Salvation by Eating and Drinking
What is salvation? And what did Christ do to enact salvation for mankind? The most simple answer is found in the book of Luke. And it is often quoted as a clear cut mission statement for Jesus and subsequently the church,
"For the Son of Man has come to seek and to save that which was lost." (Luke 19:10, NASB)
This verse, however, only answers the question we put to it. Which means the question we ask of it is quite important. Does this verse describe the earthly ministry of Christ? Or does it describe his non-repeatable, sacrificial act on the cross? Put another way, is this prescriptive of Christ's ministry, and hence the church, or a standalone, unique activity by the Son of God?
I am quick to associate with the later position. I do not believe the two ideas need to be pitted against each other but I find Christ saying "my ministry, kingdom, and eventual death is for these." This is not something a covenant community would be expected to pick up and carry. This also would not have been surprising to a student of the law. Sacrifices in the Old Testament were for those who had committed sins. A select spotless sacrifice could save the sinful. A spotless Christ could save the lost. The fault of the religious people in Jesus' day was not that they were too focused on the law but that they were neglecting the most important part: the grace of God found in sacrifice. Christ came to demonstrate that the Messiah saves sinner. And then He did in fact save sinner. The church's mission is to proclaim that Christ did in fact, once for all, save sinners.
Well, since it is not the church's mission to pick up Christ's mantle in this regard what is the church to do? If the church cannot pick up "seek and save that which is lost" as its mantra what Scripture does provide guidance? The question put another way is: how does Christ's goal manifest itself in Christ's earthly ministry? And ultimately, can the church conform itself to Christ's ministry? Despite potential agreements on what Christ meant by these words in Luke 19:10, it should be clear as to how he accomplishes these goals,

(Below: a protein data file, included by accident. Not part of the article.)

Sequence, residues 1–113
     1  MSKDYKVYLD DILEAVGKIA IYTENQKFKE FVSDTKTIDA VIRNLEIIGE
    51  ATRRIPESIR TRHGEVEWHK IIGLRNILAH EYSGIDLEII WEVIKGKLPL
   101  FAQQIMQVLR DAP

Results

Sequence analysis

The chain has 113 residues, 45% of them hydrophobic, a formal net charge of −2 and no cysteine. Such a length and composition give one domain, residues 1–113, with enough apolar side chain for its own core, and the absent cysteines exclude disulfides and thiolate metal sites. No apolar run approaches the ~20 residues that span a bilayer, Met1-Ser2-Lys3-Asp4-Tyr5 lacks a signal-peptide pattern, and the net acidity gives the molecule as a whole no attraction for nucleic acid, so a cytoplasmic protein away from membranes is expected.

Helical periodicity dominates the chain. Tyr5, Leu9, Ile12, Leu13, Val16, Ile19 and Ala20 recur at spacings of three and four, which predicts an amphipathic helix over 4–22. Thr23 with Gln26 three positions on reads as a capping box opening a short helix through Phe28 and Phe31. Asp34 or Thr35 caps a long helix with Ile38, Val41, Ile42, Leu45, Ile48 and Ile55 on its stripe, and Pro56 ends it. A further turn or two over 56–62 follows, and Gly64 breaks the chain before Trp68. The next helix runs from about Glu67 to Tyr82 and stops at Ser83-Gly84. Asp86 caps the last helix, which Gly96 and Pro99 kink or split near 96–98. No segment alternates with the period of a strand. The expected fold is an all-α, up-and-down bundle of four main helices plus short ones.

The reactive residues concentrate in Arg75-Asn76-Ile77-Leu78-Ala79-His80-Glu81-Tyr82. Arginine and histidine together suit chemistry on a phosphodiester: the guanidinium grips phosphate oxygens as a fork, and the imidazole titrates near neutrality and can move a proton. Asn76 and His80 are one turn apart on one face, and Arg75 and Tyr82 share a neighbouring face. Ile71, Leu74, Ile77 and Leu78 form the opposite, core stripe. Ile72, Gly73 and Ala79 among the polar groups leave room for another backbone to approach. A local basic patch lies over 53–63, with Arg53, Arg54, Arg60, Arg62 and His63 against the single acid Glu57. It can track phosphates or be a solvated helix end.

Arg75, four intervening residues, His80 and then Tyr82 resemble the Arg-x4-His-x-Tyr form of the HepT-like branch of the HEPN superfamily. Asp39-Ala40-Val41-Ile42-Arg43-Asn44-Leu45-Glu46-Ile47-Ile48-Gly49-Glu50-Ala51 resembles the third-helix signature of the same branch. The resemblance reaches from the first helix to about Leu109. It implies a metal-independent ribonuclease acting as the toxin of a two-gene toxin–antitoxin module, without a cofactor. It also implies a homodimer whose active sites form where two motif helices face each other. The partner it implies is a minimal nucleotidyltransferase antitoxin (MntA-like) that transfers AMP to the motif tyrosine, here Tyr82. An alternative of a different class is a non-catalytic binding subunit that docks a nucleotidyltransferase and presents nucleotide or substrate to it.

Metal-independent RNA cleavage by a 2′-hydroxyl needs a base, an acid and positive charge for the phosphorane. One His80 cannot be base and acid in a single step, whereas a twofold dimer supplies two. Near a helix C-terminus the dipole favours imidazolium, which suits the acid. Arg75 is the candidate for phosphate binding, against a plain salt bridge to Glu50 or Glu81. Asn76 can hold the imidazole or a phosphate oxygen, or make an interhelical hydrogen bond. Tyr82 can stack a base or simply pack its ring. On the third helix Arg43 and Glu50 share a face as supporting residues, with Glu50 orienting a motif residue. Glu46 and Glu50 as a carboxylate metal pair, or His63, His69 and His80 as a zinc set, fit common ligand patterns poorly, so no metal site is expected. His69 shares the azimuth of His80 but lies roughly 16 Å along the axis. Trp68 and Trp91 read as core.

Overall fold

"The Son of Man has come eating and drinking, and you say, ‘Behold, a gluttonous man and a drunkard, a friend of tax collectors and sinners!'" (Luke 7:43, NASB)
Recently, this concept has been helpfully illustrated by Tim Chester in A Meal with Jesus. Before the cross Christ was about eating and drinking with sinners. These were the precursor indications of who he would go to the cross for. This again should not have been surprising to student of the law. The passover sacrifice was central to a meal. Many elements of the sacrificial system indicate meal-like qualities (this explains the explicit meal-sacrifices of Judges). Christ ate with those who would eat him. This is how Christ makes himself known.
This leads to one of my favorite moments in the Gospel of Luke. Jesus has many important bread-breaking moments. He seems to be breaking bread throughout the gospel as a means of revealing himself. No experience is as descriptive as the last however. In revealing himself to the disciples traveling to Emmaus Christ remains obscured and hidden throughout his teaching. He is not known in his person, his words, or his distinct teaching. This of course is because Christ is shielding the disciples from knowing and understanding. It is only by grace that we recognize the resurrected Lord. In a paradigmatic moment for the church Christ reveals himself at the table,
"When He had reclined at the table with them, He took the bread and blessed it, and breaking it, He began giving it to them. Then their eyes were opened and they recognized Him" (Luke 24:30-31, NASB)
In language that echoes passover and the feeding of the five thousand, Christ makes himself known in the breaking of bread. Just as he has revealed his ministry and kingdom at the table for sinners, so now he reveals his risen identity through a meal. This is why the church has historical concluded its service with the supper. A reminder of God's manner of creating His kingdom. It establishes the kingdom in the midst of the church and then sends the church out.
Thus the church should focus on the simplicity of meals as an outworking of vocation. Vocation is the key to accurately seeing no division between sacred and secular. Eating is the outworking of vocation. We work to provide for our families. We expand the family of God by including people in our meals and inviting them to the Lord's table.